Even assuming that Burke did not mean to imply that all roads lead to God, I take issue with his assertion that the ‘same product’ is available from ‘many other places.’ Oh, I suppose I agree that if someone is in search of a ‘feel good’ gospel; a gospel which caters to ‘felt needs;’ an anemic gospel which provides ‘cheap grace;’ a gospel which does not require counting the cost or crucifying self, there are plenty of places to find it. If that is the kind of ‘product’ Burke is peddling, then he is right to be concerned. But if that is the reason for his concern, he’s concerned about the wrong thing. Jesus said, “…wide is the gate and broad is the road that leads to destruction, and many enter through it.” (Matthew 7:13 NIV) If we’re keepers of a gate which everybody is flocking to, perhaps it would be a good idea to evaluate how wide that gate is. If our gate is identical to everybody else’s gate, perhaps we’d better check out who made it and where it leads to.
Jesus went on to say, “But small is the gate and narrow the road that leads to life, and only a few find it.” (Matthew 7:14 NIV) It’s been my observation that the small gate is becoming harder to find than ever. The billboards advertising the wide gate tend to hide it.
‘felt needs’ or ultimate Need?
“…they are very quick to find a new spiritual outlet to meet their needs.” I think this epitomizes the core of the problem. Since when has ‘meeting needs’ become the standard by which to judge a congregation? The task of the church has never been to cater to ‘felt needs’ but to proclaim the gospel – “…that Christ died for our sins in accordance with the Scriptures, that he was buried, that he was raised on the third day in accordance with the Scriptures,” (1 Corinthians 15:3-4 NIV) Whenever we start to focus on perceived ‘needs’ instead of on Christ, we become a secular church. The following quote expresses it well.
“…Instead of the pulpit, with its uniquely Christian task, setting the agenda of the “helping” ministries, the therapeutic and technical aspects of the “helping” ministries often set the agenda for the pulpit.
“How does this happen? Perhaps it results from our infatuation with numerical success. What the people really want, we tell ourselves, is family ministry, youth ministry, involvement ministries, and short-term solutions to anxiety and depression. And at one level they do. But instead of leading people to see the ultimate answer behind their immediate needs and then proclaiming the cross of Christ as the Answer of Answers, our preaching often falls victim to the illusion that secondary, penultimate, and “felt” needs are the truly fundamental needs that we must address…
“…to refuse to speak of sin, suffering, and the ambiguities of life in our Sunday worship is to evict from our midst the very cross of Christ… Without conviction of sin, failure, and finitude, there can be no meaningful sense of grace.
“…The gospel is the message of life in the form of death, power in the garb of weakness, and success in the guise of failure.
“These, however, are precisely the themes the secular church does not want to hear. Its passion, instead, is for life in the form of life, power in the form of power, and success in the form of success; as a result, it thrusts talk of death, weakness, and failure out of doors. Not surprisingly, then, it confuses immediate, penultimate questions with the ultimate question and its own temporal answers with the Final Answer found in the Crucified One…
“The church is not called simply to meet needs. It is called, rather, to meet the ultimate need. To do less than this is to forget both who and Whose we are and to fail in our calling altogether.” (The Worldly Church, A Call For Biblical Renewal, Second Edition, C. Leonard Allen, Richard T. Hughes, Michael R. Weed, ACU Press, Abilene Christian University, Abilene, Texas, 1991, pp. 46-48)
This, by the way, was the principle which cost Jesus most of His following. After the feeding of the 5,000, the people actually wanted to make Jesus their king. Here was a man, they thought, who would meet their “felt needs” – after all, food is one of the most basic needs. But when Jesus dared to address their ultimate need, rather than the perceived ‘need’ of the moment, the crowds left. It was a turning point in Christ’s ministry. From a human perspective Jesus failed. He was left with not many more than the 12 Apostles (See John 6:25-71). And, from that incident forward, the opposition to Christ began to really gain momentum.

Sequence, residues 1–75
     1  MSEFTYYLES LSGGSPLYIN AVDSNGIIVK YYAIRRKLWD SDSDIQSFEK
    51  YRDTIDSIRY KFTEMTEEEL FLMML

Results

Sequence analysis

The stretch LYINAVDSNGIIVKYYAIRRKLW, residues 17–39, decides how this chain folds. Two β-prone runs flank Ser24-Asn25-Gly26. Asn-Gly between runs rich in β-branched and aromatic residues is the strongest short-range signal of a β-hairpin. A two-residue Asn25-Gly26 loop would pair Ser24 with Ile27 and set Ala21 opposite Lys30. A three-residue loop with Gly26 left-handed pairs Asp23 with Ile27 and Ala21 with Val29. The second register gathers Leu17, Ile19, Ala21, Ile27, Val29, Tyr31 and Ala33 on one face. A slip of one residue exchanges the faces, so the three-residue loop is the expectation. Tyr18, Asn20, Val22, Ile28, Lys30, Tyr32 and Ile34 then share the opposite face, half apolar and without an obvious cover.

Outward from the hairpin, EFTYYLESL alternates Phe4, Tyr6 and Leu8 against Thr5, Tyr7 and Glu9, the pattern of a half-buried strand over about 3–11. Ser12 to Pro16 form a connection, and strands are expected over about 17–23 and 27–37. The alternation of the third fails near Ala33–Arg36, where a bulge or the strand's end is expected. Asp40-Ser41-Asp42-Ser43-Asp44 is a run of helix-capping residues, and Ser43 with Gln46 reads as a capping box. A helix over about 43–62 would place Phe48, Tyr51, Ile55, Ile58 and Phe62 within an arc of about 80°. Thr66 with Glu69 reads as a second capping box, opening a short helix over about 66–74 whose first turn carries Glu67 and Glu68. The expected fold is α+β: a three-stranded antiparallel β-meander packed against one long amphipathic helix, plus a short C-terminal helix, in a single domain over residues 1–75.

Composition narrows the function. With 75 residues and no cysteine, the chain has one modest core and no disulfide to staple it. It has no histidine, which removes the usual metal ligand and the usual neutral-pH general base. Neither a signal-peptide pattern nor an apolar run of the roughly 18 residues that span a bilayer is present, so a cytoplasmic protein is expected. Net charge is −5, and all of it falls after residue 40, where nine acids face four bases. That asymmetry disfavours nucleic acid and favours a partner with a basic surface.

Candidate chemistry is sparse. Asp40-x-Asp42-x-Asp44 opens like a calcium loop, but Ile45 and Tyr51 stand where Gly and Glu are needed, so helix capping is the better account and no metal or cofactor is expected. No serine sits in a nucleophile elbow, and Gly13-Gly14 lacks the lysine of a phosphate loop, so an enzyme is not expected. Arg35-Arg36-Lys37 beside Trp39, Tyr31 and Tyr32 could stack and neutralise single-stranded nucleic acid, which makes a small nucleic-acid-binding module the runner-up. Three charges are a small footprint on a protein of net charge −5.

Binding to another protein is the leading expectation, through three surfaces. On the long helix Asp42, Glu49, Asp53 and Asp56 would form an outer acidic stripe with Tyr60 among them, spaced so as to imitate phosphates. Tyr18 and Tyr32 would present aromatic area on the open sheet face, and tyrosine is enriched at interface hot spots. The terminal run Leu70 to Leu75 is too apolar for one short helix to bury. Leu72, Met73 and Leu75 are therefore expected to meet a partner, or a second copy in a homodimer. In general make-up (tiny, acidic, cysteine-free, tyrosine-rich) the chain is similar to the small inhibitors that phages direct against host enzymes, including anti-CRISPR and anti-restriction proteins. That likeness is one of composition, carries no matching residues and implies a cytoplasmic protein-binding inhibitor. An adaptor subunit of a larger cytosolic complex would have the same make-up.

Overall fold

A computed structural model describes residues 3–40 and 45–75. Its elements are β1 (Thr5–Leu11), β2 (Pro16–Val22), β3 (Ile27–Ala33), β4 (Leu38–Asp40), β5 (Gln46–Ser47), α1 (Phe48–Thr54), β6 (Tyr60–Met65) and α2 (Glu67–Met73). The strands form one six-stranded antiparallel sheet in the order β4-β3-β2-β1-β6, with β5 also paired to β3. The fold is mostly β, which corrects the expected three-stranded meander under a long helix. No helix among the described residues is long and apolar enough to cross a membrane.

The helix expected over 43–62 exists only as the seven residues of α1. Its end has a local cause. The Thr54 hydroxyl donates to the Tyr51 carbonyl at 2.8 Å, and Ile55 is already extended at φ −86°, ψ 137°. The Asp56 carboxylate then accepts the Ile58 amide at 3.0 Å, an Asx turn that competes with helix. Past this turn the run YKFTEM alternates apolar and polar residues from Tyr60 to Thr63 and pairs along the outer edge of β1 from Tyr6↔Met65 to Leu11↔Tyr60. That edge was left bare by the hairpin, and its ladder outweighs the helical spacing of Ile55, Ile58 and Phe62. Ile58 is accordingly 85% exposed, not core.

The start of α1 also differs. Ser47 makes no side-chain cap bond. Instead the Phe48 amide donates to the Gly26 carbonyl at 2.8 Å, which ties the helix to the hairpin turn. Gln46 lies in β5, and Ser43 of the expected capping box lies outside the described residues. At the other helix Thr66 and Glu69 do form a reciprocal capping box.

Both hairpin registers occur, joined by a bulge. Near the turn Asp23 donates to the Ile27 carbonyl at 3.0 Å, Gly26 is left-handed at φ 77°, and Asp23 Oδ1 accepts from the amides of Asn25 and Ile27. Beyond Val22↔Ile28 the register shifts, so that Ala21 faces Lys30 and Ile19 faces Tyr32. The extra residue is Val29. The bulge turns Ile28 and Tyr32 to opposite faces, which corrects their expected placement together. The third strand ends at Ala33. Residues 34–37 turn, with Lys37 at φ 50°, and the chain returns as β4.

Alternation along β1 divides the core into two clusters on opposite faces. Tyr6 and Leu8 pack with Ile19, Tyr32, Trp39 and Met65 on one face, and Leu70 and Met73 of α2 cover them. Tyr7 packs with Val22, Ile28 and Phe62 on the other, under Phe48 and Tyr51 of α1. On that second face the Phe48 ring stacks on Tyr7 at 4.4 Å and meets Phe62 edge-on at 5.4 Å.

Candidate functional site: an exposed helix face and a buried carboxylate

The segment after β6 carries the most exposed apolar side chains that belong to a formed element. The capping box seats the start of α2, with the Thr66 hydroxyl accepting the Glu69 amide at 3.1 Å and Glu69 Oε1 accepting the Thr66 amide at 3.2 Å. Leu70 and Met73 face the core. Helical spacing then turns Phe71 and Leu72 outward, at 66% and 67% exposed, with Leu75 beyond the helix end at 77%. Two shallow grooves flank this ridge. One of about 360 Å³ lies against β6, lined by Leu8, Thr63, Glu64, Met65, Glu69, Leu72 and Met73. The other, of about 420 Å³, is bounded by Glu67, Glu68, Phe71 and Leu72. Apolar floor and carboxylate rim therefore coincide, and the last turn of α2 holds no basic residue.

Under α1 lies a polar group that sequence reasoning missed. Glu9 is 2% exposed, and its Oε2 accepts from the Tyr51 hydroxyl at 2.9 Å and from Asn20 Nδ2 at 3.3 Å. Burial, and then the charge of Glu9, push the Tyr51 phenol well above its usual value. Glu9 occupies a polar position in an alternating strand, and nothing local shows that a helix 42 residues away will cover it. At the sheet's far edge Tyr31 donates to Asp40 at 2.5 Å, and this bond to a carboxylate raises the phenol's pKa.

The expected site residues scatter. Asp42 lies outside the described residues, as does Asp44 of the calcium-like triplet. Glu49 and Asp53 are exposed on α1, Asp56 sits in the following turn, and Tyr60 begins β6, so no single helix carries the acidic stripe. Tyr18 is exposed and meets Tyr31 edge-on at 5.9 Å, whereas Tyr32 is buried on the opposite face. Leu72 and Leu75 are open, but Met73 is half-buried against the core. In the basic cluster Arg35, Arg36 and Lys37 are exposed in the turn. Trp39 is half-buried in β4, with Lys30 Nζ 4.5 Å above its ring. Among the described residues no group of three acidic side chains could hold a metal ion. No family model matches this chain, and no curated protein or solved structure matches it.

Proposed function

From a divine perspective, however, Jesus’ refusal to cater to the “felt needs” of the people and His steadfast commitment to do the will of the Father, even though it was unpopular with the crowd, was what made redemption possible. There is no place for the cross in the ‘pleasing the customer’ mentality.
I’m afraid that about the only thing I can agree with in Burke’s statement is the emphasis on service. Not only are we who have leadership roles in the church called to serve (1 Peter 4:10), we also have an obligation to prepare others for ‘works of service’ (Ephesians 4:12). It is worth noting, however, that those ‘works of service’ are not defined by the “felt needs” of people but are predetermined by God (Ephesians 2:10).
What’s the assembly for? Evangelism?
Perhaps part of the reason so many churches have lost their way in the attempt to attract people is that they have either forgotten, or redefined, the purpose of the church assembly. For many decades church leaders have tried to harmonize two basically incompatible goals. On the one hand, they have tried to use the church assembly as a means to win those outside of Christ. In other words, the assembly has become a (and many times the primary) means of evangelism. This is why there has been such an emphasis on “bring your friends and acquaintances to church.” On the other hand, ministers recognize the responsibility to spiritually feed those who are already in Christ. The trouble is, it is very hard to do both at the same time.
These two goals, to win those outside of Christ, and to feed those already in Him, are at odds with each other. Messages designed to help Christians grow in the Lord simply do not apply to those outside of Christ. Messages designed to help those outside of Christ see their need of a Savior do not greatly benefit those who have already given themselves to Him. Recognizing the fundamental disconnect between these two goals, some authors of older books on preaching, suggest that the Sunday morning assembly be evangelistic while the Sunday night service be geared toward meeting the spiritual needs of Christians. This was, at best, a compromise. And now that the majority of congregations have abandoned evening services altogether, the attempt to reconcile the divide between the two emphases has become even more daunting. In an attempt to resolve the fundamental conflict between these two goals, many congregations have consciously chosen to orient their assemblies toward those outside of Christ and feed the flock in other venues such as small groups. They’ve deliberately made changes both to the format and content of the assembly in order to attract the ‘un-churched.’ They call it being ‘seeker sensitive.’ Tragically, that decision has, as mentioned above, all too often resulted in also doing away with the offense of the cross. (Notice, by the way, how it is now beyond the pale to describe the ‘un-churched’ or the ‘seeker’ according to their actual spiritual condition, that is, ‘unsaved’ or ‘lost’!)